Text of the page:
The district of Es Mercadal, the nerve centre of which is the town of the same name, extends for 134 square kilometres and borders the east with Alaior, to the south with Es Migjorn Gran and to the west with Ferreries. Due to its situation as a crossroads, it has become an obligatory spot to stop at, offering a varied choice of renowned fine food. On the outskirts of the town we can make our way to Monte Toro, the highest point of the island, a mountain of Menorca that provides some spectacular views around it.
Those who visit Menorca have stated that it is one of the paradises of the western Mediterranean, an island that history has always been an object of desire because of its strategic position and which now has ended up becoming one of the most attractive tourist destinations. However, it is not only a dream spot for holidays, but also for living. Menorca allows you to experience for yourself the quality of life that you had always imagined, through the combination of small details that make up its landscape, people, tranquillity, light, traditions and fine food.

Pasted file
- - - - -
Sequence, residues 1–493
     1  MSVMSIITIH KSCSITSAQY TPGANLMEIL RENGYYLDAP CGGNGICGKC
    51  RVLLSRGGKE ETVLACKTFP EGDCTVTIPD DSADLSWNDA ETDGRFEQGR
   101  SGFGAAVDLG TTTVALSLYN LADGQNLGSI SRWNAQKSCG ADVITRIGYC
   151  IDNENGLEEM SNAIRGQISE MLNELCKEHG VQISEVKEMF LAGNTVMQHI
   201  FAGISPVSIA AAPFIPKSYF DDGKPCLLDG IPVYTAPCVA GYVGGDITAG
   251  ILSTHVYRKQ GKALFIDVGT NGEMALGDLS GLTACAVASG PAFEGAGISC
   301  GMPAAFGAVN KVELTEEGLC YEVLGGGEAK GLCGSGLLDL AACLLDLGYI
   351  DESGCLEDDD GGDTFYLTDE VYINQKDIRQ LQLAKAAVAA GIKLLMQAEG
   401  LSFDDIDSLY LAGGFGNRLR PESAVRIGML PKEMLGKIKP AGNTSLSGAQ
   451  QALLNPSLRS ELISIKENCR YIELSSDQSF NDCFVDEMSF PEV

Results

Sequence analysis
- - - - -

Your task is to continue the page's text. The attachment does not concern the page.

Geographically, Menorca is the easternmost and northernmost island of the Balearic Islands, declared a Biosphere Reserve in 1993 by UNESCO. It has a coastline of 701 km² and 216 kilometres of, along which are distributed more than 70 beaches. Blessed with a typically Mediterranean climate with annual average temperatures of 16.5 degrees, it currently has a population of 96,000, concentrated into eight districts: Maó (administrative capital of the island), Ciutadella (the old capital), Alaior, Ferreries, Es Mercadal, Es Castell, Sant Lluís and Es Migjorn Gran. There are three other towns, Sant Climent, Llucmaçanes and Fornells, the first two in the district of Maó and the other in Es Mercadal. Maó, located in the east, and Ciutadella, in the west, are the two most inhabited towns on the island.
Socio-economically, unlike the other islands of the Balearic archipelago, Menorca has, over time, had the good fortune to be able maintain a perfect balance between the traditional industries of footwear, costume jewellery and agriculture favouring the gentle development of the tourist sector and thus enabling the island to preserve its countryside and beaches. This environmental sensitivity still exists among all its inhabitants, guaranteeing a unique setting, perfect for family, sports and cultural tourism.